"I thought we really deserved more," Blues coach Ken Hitchcock said. "I thought we were a little bit sluggish in the first period. We weren't checking as hard as we've done. I thought we played great in the second and third. Guys gave a lot, gave a lot in the second and gave a ton in the third; missed a lot of chances in the second period, bang-bang plays at the net. We had some great opportunities there."
Tavares, who had an assist in the Islanders' 5-3 home loss to the Boston Bruins on Friday, has four goals and six assists during his point streak.
Okposo's power-play goal with 3:08 remaining in the first period came off a shot from the left circle with Anders Lee screening Elliott. The Blues goalie appeared to be in position, but the puck squirted through his pads for a 1-0 Islanders lead.
It was Okposo's ninth point in 10 games against St. Louis.
The Blues had the better of the play in the second period, but Griess made saves on all 14 shots he faced. However, the Blues had several high percentage chances they simply missed on.
"I thought we scored a lot of goals today," Hitchcock said. "We had a lot of bang-bang chances, especially backdoor plays."
Tavares converted on a Nikolay Kulemin pass, beating Elliott high stick side with 1:19 remaining in the second period to give New York a 2-0 lead.
The goal seemed to zap the 19,186 inside the building.
"Elite players find a way," Islanders coach Jack Capuano said.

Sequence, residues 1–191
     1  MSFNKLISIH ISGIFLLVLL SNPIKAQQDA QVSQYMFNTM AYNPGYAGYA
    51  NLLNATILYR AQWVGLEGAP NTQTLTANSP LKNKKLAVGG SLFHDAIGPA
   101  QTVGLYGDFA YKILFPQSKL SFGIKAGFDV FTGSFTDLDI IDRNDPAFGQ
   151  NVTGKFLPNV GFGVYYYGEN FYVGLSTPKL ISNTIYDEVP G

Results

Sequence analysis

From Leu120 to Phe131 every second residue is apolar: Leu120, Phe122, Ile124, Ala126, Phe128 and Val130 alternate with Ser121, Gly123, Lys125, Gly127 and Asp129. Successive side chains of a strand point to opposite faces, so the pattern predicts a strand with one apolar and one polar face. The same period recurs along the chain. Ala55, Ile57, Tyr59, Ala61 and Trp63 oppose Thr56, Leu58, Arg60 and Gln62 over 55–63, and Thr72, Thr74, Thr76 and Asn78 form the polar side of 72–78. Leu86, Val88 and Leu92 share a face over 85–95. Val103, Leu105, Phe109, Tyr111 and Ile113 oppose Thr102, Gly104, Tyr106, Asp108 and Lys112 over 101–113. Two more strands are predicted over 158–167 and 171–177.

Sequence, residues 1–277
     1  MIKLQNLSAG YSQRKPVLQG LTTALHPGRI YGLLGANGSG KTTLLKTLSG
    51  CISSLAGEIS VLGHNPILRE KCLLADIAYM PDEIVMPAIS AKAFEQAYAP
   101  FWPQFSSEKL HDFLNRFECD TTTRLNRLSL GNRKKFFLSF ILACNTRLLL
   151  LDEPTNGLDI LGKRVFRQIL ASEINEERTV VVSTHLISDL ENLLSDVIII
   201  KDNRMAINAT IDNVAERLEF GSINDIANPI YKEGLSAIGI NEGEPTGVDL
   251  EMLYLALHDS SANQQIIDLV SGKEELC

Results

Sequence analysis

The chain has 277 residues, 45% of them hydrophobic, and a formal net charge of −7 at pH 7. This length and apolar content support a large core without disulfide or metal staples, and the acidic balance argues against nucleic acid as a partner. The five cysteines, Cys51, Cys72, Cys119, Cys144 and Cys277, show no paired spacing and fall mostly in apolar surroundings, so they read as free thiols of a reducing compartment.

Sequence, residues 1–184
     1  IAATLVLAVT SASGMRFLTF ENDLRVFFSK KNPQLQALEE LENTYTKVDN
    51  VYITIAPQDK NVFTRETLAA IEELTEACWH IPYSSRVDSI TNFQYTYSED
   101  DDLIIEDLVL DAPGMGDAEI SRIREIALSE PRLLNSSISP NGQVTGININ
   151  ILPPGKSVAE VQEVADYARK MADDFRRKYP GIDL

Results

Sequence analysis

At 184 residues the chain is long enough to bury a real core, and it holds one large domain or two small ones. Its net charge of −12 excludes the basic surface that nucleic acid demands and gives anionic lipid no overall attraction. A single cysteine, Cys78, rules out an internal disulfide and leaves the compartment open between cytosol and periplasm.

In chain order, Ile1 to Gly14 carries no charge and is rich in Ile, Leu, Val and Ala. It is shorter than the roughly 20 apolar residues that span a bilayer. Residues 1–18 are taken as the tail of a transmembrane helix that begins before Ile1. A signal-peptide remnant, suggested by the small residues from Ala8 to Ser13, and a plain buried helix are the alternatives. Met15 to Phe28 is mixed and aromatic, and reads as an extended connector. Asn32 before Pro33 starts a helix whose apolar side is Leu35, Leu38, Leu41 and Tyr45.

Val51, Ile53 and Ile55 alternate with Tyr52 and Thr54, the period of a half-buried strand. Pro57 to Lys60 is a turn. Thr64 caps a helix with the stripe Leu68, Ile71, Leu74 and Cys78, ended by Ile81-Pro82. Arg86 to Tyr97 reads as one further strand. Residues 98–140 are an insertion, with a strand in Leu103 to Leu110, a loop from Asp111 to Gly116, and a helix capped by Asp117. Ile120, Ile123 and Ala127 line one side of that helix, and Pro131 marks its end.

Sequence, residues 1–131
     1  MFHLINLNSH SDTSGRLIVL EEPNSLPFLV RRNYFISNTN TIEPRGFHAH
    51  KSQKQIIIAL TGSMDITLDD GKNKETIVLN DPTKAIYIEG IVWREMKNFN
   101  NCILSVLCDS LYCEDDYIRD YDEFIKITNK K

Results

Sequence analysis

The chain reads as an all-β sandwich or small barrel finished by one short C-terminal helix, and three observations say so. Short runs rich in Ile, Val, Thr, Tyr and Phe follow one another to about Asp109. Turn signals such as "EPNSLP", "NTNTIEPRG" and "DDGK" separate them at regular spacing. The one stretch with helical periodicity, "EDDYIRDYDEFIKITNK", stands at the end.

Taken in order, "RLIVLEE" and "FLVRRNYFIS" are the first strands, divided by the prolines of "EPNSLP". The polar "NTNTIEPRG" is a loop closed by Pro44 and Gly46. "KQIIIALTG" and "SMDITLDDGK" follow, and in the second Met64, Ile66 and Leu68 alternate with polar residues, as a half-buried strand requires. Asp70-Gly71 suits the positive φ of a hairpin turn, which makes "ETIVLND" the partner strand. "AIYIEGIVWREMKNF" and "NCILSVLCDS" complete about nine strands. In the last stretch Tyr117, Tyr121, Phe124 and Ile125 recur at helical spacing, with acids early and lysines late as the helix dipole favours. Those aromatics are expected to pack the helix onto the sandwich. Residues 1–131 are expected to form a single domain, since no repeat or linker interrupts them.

Parayko scored to pull the Blues within a goal at 2:26 of the third period. His wrist shot from the right boards caromed off New York defenseman Brian Strait's shoulder and past Greiss, who never saw the puck.
Parayko's goal ended a 103:33 goal drought for St. Louis.
Steen's redirection of Parayko's shot with 9:09 remaining tied the game 2-2. The Blues pressed on for the game-winner in the third but came away empty-handed despite outshooting the Islanders 15-2.
"I don't know if it was that good, but it was much much better," Steen said. "It felt like we were starting to take back over. And a strong third period."
Steen had the best chance for the Blues in overtime. He was positioned at the bottom of the right circle and took a Parayko pass for a one-timer but didn't get all of it and missed the net.
|(St. Louis Blues photo)|
Scott Gomez (93) moved the puck past the Islanders' Steve Bernier in
action Saturday at Scottrade Center. The Islanders won 3-2 in overtime.
"I thought Steen had scored the goal there," Hitchcock said. "I thought that was in; I thought he had scored there.
"I think as a coach, you're sitting there on the bench, you know it isn't going to a shootout; something's going to happen. Something did. What's really interesting is if you look at the goals, they all come from the same situation. They all come from a turnover high in the offensive zone. That's where everything gets generated from. You can spend all day in the offensive zone and nothing happens, but it's the turnover in the offensive zone up high that causes all the problems because you're trying to defend tired people, you usually give an odd-man rush, which is what happened and then you end up getting scored on. You look at all the goals that get scored, I'll bet you 90 percent of them are exactly the same."
Not long after, Grabovski scored, and the Blues settled for the one point.
"All in all, we showed a lot of character," Steen said. "Good third period."